"The entertainment industry has elected to silence the discussion on abortion," said Robert Thompson, director of the Bleier Center for Television and Popular Culture at Syracuse University in New York. "It's an issue fraught with moral and ethical challenges and Hollywood has been almost silent on it for the past 20 years. It has been the one controversial subject matter that has not only not progressed, but has totally retreated from popular culture. If you'd watch TV or films in this country, you'd never guess that abortion is such a big issue."
The movie, distributed by Universal Pictures, grossed more than $90 million in its first three weeks. It stars Katherine Heigl and Seth Rogen in the story of a beautiful, young, successful TV executive (Heigl) who, after getting promoted to an on-screen job, celebrates in a bar, gets drunk and takes home a chubby, unattractive, broke, stoned slacker, has unprotected sex and gets pregnant.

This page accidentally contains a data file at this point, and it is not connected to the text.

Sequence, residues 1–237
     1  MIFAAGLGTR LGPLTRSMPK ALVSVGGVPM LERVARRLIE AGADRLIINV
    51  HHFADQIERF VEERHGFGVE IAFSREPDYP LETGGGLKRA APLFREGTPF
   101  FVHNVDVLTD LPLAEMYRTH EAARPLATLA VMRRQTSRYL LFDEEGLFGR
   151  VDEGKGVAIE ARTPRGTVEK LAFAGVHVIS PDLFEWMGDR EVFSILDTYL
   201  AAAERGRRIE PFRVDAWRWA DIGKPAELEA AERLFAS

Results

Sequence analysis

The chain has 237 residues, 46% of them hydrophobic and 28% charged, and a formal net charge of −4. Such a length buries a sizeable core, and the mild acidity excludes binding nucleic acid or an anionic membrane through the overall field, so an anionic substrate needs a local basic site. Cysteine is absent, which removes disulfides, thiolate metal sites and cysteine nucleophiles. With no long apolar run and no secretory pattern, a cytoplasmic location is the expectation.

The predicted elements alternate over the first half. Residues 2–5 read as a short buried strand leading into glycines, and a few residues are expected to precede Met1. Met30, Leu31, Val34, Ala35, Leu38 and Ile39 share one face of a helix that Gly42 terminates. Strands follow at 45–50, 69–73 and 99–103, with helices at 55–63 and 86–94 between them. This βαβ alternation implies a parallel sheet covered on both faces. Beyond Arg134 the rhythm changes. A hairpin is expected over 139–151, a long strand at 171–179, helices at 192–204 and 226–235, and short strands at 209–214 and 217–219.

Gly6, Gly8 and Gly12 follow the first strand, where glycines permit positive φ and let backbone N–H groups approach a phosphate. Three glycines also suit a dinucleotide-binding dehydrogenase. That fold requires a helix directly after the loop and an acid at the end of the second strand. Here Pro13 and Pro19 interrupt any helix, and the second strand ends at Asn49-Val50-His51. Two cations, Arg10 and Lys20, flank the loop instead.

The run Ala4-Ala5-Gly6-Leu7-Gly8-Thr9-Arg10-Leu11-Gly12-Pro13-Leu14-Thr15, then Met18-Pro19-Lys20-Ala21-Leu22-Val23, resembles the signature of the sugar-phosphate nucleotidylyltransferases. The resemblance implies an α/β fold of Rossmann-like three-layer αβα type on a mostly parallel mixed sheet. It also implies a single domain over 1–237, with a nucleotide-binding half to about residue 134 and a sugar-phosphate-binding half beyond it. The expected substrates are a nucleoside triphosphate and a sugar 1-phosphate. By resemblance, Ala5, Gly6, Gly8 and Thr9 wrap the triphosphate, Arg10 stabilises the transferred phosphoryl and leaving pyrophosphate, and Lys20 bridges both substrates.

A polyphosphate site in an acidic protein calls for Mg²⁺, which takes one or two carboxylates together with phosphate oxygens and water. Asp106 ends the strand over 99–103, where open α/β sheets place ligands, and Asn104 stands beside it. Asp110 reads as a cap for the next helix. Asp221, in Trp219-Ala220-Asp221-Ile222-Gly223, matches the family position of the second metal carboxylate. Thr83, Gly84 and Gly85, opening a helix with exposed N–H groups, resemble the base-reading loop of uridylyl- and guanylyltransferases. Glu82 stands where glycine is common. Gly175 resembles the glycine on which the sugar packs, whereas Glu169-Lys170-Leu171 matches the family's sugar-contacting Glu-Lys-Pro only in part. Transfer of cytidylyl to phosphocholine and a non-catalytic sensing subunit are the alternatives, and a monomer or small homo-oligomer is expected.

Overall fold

So it's clear the movie is all about a piece of bad luck. But even in this situation--where abortion is all too obvious an alternative--the word is apparently too laden with guilt and other baggage to say out loud.
Amazingly, there's almost no debate on whether she'll keep the baby, even though she was drunk, the father is one long list of problems, they have no relationship and she's got a promotion to look forward to. In one brief scene, her mother, portrayed as a nasty woman, raises the idea of not having the child, but that's quickly dismissed. The way it works out: She ends up having the baby and going home with Mr. Wrong, who miraculously gets a job and diligently reads the baby book.